The government should get behind the proposed consumer complaint arbitration body

Setting up a separate body would save consumers time and money and would resolve disputes in a way fair to all parties

PUBLISHED : Friday, 09 September, 2016, 12:26am
UPDATED : Friday, 09 September, 2016, 12:26am

If the consumer was king, there would not be so many disputes involving questionable sales tactics or substandard products or services in the city. Nor would there be a need for the Consumer Council. With some 27,000 complaints lodged to the watchdog a year, the importance of an effective and credible mechanism to settle consumer disputes cannot be overstated.

That said, there is a limit as to how much the council can handle. Despite its much-commended service over the past decades, about a quarter of the complaints still get nowhere every year. So when the watchdog has formally called for the establishment of an arbitration body to help settle disputes, it should be taken seriously.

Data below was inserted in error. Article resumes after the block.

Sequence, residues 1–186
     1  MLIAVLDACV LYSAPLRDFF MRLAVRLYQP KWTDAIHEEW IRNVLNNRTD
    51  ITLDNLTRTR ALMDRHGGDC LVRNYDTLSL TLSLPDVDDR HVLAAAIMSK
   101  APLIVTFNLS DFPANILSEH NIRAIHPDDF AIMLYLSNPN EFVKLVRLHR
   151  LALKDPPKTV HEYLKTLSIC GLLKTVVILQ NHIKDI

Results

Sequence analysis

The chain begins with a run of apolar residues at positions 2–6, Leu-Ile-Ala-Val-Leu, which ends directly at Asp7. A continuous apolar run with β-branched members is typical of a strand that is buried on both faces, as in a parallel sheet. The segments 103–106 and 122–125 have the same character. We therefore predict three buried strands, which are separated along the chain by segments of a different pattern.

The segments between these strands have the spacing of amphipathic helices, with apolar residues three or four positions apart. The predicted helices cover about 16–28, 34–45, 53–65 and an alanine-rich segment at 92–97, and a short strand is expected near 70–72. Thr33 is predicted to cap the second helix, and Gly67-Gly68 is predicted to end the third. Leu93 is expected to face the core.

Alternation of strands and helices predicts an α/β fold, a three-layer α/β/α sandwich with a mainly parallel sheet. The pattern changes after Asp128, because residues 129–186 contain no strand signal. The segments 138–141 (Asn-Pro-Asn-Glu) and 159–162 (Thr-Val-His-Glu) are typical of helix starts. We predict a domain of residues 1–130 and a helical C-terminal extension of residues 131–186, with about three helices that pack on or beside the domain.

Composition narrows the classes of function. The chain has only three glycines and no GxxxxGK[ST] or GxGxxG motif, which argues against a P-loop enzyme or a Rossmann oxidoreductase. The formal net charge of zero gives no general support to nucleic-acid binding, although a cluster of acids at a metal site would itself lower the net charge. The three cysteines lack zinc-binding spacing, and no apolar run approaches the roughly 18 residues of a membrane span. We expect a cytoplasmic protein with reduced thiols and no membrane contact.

That one in four cases remains unresolved is not surprising. Unless the disputes involve huge sums or criminal allegations, few consumers will go through the hassle of taking the complaint to court. The proposed Consumer Dispute Resolution Centre is therefore worth considering in that not only does it save customers from going through lengthy and costly court proceedings, it also enables claims involving less amounts of money to be brought forward. This will also free up valuable court resources for other cases.

Hong Kong’s beauty parlours and electronic gadget retailers could be prime targets at proposed dispute resolution centre, Consumer Council says

Resistance from industry is to be expected. But it appears to stem from a lack of awareness or misconception. For instance, a trade leader reportedly questioned why public funds should be used to finance a mechanism which he thinks is inherently biased towards consumers. The same could be asked about the Consumer Council, which received more than HK$98 million in subvention from the government last year. But like the council, the proposed arbitration centre has its worth in that it resolves disputes in a way that is acceptable to both parties. The suggestion that consumers have an advantage in the process simply reflects a misunderstanding of the spirit of arbitration. The government should work with the council to promote what is essentially a win-win proposal for businesses and consumers.